Personally I think the millennial generation is different to other generations. Understanding them and using them as a catalyst for change in your organization creates huge opportunity as the Future of Work marches on. Ignore them and any generational differences? Well in my mind that’s just lazy.

Are you ready for the millennial takeover?
Join the conversation on LinkedIn

About the Author

Photo of Mark EdgarMark Edgar joined RSA in January 2011 in the role of Vice President, Human Resources with overall responsibility for HR across all companies within RSA Canada. Previously Mark was based in the UK as Head of Human Resources within Centrica Plc; a major energy company operating in the UK under the British Gas brand. Mark has also worked for BSkyB, a TV, broadband and phone company, in an HR role responsible for their operational business units and customer facing teams. Mark holds a BSc (Hons) in Management Sciences from the University of Warwick and is a member of The Chartered Institute of Personnel and Development.

Contact Mark at mark.edgar@rsagroup.ca
Follow Mark on Twitter: @MarkEdgarHR
Connect with Mark on LinkedIn: ca.linkedin.com/pub/mark-edgar/1/460/89/en


Filed under: corporate perspective, culture, diversity, millennials, talent Tagged: culture, diversity, millennials, talent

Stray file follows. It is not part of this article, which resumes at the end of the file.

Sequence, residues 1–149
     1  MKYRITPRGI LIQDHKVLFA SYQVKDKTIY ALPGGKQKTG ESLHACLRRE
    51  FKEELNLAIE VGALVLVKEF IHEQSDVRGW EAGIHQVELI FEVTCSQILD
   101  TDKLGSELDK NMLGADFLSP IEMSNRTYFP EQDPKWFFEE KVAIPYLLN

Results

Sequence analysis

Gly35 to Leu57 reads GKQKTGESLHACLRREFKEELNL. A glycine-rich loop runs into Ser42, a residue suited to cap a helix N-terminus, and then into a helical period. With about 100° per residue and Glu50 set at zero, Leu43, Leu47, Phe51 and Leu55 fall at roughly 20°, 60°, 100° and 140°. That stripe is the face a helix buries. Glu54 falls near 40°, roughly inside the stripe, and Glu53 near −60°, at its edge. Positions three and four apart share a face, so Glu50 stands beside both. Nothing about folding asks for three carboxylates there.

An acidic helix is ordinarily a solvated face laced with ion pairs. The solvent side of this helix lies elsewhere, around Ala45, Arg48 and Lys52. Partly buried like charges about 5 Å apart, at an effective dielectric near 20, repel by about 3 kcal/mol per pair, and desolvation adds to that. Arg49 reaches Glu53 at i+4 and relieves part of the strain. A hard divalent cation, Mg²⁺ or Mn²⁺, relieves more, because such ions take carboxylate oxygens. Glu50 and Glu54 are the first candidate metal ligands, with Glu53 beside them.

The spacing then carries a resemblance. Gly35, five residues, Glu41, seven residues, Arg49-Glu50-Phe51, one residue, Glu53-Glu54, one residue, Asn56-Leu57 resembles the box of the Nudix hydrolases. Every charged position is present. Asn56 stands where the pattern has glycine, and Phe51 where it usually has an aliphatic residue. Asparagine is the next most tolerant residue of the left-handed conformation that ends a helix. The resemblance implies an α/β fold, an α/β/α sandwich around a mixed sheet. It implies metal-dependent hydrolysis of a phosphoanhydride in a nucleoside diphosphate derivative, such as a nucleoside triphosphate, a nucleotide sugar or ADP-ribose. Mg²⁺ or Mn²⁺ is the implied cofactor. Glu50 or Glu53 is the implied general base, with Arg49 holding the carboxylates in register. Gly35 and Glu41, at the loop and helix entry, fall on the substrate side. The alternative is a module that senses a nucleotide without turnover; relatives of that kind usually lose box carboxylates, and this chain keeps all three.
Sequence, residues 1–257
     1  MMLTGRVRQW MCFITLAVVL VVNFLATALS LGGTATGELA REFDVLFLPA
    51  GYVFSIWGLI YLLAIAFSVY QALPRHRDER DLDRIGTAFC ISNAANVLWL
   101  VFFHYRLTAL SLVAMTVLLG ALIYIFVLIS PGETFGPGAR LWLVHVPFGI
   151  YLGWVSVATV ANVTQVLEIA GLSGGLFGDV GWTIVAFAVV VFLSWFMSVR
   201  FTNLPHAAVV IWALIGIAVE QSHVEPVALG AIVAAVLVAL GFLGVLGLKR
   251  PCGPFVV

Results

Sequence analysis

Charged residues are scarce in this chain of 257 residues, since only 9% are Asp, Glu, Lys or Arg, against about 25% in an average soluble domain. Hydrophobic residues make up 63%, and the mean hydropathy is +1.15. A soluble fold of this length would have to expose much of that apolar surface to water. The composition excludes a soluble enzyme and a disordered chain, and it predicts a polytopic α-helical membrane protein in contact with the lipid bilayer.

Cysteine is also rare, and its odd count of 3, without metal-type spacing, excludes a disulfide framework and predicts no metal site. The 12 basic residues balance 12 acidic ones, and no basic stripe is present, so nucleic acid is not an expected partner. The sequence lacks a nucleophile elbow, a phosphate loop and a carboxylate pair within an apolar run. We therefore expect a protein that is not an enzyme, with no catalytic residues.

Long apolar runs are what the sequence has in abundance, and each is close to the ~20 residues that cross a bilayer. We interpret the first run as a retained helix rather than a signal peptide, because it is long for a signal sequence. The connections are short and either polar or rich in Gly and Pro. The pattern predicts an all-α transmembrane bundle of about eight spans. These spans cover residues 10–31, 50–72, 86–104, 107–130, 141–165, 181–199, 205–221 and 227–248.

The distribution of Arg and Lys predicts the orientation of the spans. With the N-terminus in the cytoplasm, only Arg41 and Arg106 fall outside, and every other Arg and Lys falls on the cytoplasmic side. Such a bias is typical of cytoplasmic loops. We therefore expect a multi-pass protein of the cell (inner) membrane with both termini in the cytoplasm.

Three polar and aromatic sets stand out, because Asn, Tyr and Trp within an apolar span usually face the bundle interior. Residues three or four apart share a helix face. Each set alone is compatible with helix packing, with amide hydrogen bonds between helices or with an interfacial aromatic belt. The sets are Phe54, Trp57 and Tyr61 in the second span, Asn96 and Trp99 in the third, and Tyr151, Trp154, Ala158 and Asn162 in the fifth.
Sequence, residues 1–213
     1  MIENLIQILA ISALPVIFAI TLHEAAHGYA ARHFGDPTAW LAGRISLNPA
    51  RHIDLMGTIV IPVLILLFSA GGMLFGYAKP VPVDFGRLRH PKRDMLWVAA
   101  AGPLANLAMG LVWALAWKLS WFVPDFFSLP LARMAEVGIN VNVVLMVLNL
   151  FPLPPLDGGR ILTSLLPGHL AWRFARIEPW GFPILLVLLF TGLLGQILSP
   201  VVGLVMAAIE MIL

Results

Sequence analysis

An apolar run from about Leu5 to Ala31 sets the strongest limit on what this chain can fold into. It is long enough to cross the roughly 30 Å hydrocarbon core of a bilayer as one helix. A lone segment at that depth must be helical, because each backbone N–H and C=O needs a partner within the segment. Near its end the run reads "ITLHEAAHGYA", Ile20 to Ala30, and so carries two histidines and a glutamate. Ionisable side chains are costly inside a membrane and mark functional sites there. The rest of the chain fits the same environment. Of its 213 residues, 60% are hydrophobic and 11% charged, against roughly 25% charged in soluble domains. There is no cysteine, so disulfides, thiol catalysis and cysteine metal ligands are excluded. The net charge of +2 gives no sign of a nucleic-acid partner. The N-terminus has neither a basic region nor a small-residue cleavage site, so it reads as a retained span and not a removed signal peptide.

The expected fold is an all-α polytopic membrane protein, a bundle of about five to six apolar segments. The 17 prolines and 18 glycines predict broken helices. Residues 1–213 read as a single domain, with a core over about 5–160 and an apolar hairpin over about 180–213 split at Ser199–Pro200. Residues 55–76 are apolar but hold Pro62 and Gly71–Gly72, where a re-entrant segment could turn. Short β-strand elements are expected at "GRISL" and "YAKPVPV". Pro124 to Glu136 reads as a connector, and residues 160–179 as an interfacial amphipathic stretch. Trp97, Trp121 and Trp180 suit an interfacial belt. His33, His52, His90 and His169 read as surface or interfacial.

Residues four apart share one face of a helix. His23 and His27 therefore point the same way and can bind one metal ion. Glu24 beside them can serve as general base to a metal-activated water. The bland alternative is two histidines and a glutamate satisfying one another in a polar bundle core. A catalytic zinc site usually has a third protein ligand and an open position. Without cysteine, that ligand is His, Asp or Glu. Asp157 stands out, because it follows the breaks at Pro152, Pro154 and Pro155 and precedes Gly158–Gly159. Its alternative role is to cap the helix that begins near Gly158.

Millennials working together

Of the many articles and studies about millennials and their impact on the workplace, one thing is for sure: by 2020 millennials are expected to make up 50 per cent of the workforce. By 2024, this number increases to 75 per cent.

Beyond these facts, it seems that for every article I read that provides useful insight on the uniqueness of those born between 1980 and 2000, there quickly follows a new article designed to bust the myth altogether. This leaves many questioning whether the Me Generation is going to create the workplace revolution that has been threatened or just settle in to the comfortable monotony where we’re all the same.

As HR professionals, we may struggle to make sense of this contradictory insight and end up not doing anything to recognize the differences the millennial generation brings to the workplace. At best, that’s a missed opportunity, and at worst, it increases the risk of your organization becoming slowly irrelevant as the Future of Work marches forward.

For many, using generational labels – like millennials – is lazy, but they are a good place to start.

At RSA Canada, we have purposefully taken a broad perspective of the generations and developed specific programs to ensure we appreciate any differences. We are preparing for the Future of Work where as many of five generations will be working alongside each other.

The catalyst for this work was a talent problem we were facing with up to 50 per cent of our top technical talent predicted to retire in the next five years. While this is broadly consistent with the overall insurance industry, we were careful not to take comfort from this fact and so we responded with a three-prong strategy.

1. Understanding our audience